Comparative data on Student Performance using Math OER (Scottsdale C.C.)

Type: Evidence | Hypothesis: Student impact | Polarity: | Sector: | Country:

Hilton III, J. Gaudet, D. Clarke, P. Robinson, J. & Wiley, D. (2013) report on the impact on using  a range of math OER with more than 2000 students during the Fall semester 2012. Although positive evidence regarding cost savings and satisfaction was noted, the piloting of math OER at Scottsdale Community College saw no change in student performance or retention when comparing data from Fall 2012 with data from Fall 2010 and Fall 2011.

“Our second research question asked if there were any changes in student success patterns or completion rates in the fall of 2012, the semester in which open educational resources were used. Student success patterns were measured by the rate at which students passed the math class with a C grade or better. The results for the fall semesters during years 2010 to 2012 are shown in Table 1 (we only compared fall numbers given that the student population in the courses shifts substantially between fall and spring semesters).

Table 1

In order to examine whether the distribution of student success differed significantly from 2011 to 2012, we conducted a z-test for comparing proportions for each course. The results of these z-tests revealed no significant change in student success rates from 2011 to 2012, with one notable exception: The percentage of student success in Math 09X declined significantly to 51% in 2012 compared to percentages of 67% and 62% in the prior two years. This result was significant at the a= .05 level, z = -5.97, p < .001. Possible reasons for this change are included in the discussion section. Otherwise, it does not appear that student success rates significantly varied from the same rate in 2011.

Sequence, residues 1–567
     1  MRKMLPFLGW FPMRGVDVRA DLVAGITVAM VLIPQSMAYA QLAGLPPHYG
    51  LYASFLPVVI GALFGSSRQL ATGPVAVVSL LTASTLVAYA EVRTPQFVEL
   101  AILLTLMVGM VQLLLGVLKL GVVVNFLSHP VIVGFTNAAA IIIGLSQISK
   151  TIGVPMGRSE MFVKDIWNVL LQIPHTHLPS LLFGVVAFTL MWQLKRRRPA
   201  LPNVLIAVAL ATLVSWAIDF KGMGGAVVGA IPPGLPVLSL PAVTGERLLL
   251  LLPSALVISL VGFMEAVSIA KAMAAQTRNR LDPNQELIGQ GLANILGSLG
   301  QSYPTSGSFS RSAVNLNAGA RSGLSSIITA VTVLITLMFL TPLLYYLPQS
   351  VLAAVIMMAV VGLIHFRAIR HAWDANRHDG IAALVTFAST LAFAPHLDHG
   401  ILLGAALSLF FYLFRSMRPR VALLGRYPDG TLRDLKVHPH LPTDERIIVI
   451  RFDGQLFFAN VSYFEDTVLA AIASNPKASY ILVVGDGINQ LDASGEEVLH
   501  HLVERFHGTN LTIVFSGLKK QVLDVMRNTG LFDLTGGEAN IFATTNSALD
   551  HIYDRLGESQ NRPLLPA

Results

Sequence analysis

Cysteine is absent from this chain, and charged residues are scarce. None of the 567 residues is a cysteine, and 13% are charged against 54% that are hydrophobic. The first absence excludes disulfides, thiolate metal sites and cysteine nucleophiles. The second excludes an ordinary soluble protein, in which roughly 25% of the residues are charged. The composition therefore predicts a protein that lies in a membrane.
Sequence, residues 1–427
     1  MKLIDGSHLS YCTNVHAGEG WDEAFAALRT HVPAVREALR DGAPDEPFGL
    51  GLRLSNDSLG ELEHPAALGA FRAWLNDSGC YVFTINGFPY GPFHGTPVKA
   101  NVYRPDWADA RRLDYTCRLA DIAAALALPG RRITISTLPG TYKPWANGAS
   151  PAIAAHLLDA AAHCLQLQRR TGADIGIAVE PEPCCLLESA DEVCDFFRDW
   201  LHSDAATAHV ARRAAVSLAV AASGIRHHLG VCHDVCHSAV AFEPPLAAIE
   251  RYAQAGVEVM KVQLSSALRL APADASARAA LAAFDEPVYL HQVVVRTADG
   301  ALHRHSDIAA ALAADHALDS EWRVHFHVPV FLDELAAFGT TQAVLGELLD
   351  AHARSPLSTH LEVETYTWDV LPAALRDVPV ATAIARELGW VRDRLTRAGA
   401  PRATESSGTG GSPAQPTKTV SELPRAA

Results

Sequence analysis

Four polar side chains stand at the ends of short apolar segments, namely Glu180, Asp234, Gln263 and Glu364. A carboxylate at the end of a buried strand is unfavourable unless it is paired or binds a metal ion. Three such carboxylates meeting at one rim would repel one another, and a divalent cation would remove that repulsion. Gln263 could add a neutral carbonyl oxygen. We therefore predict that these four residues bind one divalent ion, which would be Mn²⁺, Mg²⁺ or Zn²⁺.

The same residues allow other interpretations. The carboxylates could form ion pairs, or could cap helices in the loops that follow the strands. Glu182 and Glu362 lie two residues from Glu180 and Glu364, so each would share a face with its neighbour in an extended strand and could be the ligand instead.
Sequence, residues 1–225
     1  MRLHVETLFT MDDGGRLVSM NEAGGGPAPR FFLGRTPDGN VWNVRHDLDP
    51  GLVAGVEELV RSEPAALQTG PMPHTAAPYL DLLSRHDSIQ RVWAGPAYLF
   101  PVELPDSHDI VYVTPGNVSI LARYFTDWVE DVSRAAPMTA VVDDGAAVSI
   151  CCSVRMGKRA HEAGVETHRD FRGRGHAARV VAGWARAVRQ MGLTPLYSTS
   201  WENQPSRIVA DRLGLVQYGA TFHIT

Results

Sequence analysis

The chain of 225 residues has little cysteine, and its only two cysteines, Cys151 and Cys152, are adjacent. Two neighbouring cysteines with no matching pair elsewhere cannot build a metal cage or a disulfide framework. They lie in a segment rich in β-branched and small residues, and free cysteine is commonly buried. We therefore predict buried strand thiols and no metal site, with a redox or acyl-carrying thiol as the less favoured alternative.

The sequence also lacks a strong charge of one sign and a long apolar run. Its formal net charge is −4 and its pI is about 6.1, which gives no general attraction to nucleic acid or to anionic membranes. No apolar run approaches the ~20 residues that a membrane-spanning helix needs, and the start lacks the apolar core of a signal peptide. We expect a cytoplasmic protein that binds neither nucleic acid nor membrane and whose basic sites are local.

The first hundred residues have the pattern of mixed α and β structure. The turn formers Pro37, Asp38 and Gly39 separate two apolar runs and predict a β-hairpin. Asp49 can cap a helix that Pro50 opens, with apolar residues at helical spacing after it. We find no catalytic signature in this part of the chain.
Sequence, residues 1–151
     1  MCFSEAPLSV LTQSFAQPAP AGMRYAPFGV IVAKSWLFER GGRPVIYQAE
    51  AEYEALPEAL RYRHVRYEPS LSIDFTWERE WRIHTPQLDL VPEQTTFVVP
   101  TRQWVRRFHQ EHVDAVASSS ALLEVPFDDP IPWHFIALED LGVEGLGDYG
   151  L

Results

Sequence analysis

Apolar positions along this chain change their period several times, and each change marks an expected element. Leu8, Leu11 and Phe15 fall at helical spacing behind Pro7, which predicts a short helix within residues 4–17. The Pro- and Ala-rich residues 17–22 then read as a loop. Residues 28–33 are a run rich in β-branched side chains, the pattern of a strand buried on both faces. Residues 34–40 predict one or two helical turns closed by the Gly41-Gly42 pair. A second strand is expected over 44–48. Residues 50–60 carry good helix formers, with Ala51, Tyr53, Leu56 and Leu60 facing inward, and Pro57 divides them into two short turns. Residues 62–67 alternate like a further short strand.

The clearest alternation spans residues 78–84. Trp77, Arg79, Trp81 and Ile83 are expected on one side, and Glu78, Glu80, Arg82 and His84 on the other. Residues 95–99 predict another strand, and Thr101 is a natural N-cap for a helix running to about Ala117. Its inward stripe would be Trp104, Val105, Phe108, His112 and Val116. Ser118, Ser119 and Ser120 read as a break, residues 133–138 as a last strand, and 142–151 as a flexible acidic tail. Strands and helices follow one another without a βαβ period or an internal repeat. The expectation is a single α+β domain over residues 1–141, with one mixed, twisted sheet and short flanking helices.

A similar pattern was observed when examining the data for course completion rates in 2012 compared to previous years. The 2012 completion rate in Math 09X was significantly lower than the completion rate in the previous year, z = -6.11, p < .001. Again, possible explanations for this change will be subsequently discussed. There did not appear to be a drop in completion rate in other courses in the year that OER were adopted. Table 2 summarizes completion rates for the classes that were the focus of this study.”

Table 2

(Source: http://www.irrodl.org/index.php/irrodl/article/view/1523/2652)

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